August 4, 2007 6:00 AM PDT

Can personal aircraft beat gridlock?

The greenest way to drive might soon be to fly, if personal aircraft advocates have their way.

The Cafe Foundation, a nonprofit group of flight test engineers, on Saturday will kick off its first NASA-sponsored contest of personal aircraft vehicles, or PAVs, which is being held at the Charles Schultz Sonoma County Airport in California. The goal of the challenge will be to test the fuel efficiency and speed of PAVs--high-tech two-seater planes--so they could one day serve as a more economical, environmentally friendly way for people to get around and circumvent auto gridlock, according to Brian Seeley, president of the Cafe Foundation.

NASA is putting up $250,000 in prize money for the weeklong contest as part of its so-called Centennial Challenges, a series of government-sponsored competitions that support space exploration and aviation technologies in private industry. It has staked a total of $2 million for the five annual PAV challenges, which were slated to begin last year but were delayed.

"We're burning up into smoke 6.7 billion gallons of gas annually (from being) stuck in traffic jams," said Seeley, whose Cafe Foundation was chosen by NASA in 2005 to run the PAV challenges.

"These air vehicles can travel in three dimensions without any traffic jams, and the computer technology today enables travel that can be on demand at speeds three to four times faster than cars with equivalent gas mileage."

In this competition, contestants will run their PAVs on aviation fuel. But Seeley said some contestants for next year's competition are already working on PAVs that run on alternative energy sources such as batteries or fuels like biodiesel, made from vegetable oil. (A biodiesel PAV could go 900 miles on 25 gallons, for example.)

By year three, the foundation expects to see its first electric-powered personal aircraft, Seeley said. Last month, Sonex Aircraft introduced a kit for making an electric-powered aircraft at the EAA AirVenture Oshkosh 2007 conference.

NASA aeronautics developed the PAV concept to provide a "more distributed and less centralized system of air travel," according to the Cafe Foundation. The idea is that these small planes, with built-in GPS and terrain mapping, could take people within a few miles of their doorstep (landing on short airstrips) at a faster clip, expelling less fuel. People would be able to get a license to fly PAVs as easily as a driver's license, and they could fly them with the help of a computerized control system and "synthetic vision," or technology that supplies a moving 3D view of the world even when flying in total fog.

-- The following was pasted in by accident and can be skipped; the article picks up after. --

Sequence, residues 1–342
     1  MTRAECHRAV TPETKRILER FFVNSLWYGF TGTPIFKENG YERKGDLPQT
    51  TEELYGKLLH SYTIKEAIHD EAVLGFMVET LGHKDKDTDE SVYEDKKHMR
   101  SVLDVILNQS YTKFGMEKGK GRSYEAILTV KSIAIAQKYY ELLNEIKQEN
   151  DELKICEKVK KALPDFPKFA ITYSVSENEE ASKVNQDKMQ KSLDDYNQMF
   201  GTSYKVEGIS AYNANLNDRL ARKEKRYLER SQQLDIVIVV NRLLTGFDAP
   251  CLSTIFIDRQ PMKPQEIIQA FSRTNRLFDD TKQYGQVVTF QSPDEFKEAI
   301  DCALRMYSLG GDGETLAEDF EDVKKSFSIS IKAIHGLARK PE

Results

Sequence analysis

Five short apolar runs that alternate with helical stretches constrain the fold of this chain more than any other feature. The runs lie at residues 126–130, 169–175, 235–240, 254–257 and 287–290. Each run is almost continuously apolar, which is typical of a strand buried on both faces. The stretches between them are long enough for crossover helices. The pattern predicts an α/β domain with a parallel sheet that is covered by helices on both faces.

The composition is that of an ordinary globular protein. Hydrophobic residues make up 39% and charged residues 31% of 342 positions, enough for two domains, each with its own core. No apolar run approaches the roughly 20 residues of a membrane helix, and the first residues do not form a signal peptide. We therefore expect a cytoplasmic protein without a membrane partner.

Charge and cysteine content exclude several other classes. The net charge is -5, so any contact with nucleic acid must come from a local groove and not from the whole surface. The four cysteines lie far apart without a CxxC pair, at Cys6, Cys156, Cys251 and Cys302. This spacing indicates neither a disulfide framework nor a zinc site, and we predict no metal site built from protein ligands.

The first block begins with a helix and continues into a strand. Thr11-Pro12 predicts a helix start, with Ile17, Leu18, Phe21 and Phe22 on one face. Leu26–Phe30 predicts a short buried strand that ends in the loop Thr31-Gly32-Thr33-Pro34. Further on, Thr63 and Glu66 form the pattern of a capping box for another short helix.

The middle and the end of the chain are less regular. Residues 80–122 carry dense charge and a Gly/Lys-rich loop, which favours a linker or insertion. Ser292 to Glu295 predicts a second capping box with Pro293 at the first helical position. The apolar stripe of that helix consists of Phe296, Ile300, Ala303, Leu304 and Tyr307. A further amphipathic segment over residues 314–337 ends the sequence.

Before that idea plays out, if it ever does, NASA and Cafe Foundation will test four contestants this week on several factors, including ease of use of the vehicle, safety and overall design attractiveness.

Cafe Foundation will test the PAVs on a "shortest runway" to determine which planes are able to land in the most efficient space, as well as monitor their internal and external noise emissions. Finally, and most importantly, Seeley said, the challenge will test the PAVs' speed versus miles per gallon. It won't be easy, he said, because a fast plane could get crummy mileage, and a slow plane could get excellent mileage, so fliers must balance both.

"The PAV Efficiency Prize will be awarded to the aircraft with the lowest trip cost," according to the foundation, which will factor in trip speed and fuel cost over a 400-mile closed course.

Seven contestants were originally signed up to compete this week, but three teams dropped out in July because they couldn't get approvals from the Federal Aviation Administration on licensing. The Cafe Foundation has since been looking for replacements.

One of the teams is flying a home-built plane based on a heavily modified RV-4, which has a 200 horsepower engine. Two of the other contestants are flying Slovenian-built aircraft called Pipistrel, which have 100 horsepower engines. The final flier is a Cessna 172, which runs a 160 horsepower engine.

"Eventually, we'll have electric aircraft that will have zero emissions," said Seeley.

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Forcast calls for aluminum showers
I can see it now. Give an airplane to all the idiots that can't drive a
car on the freeway so they can rain down on the population.

IMO, NASA will quickly discover going to the moon was a walk in
the park compared to teaching Joe Sixpack how to fly.
Posted by rcrusoe (1305 comments )
Reply Link Flag
Imagine drunk fliers?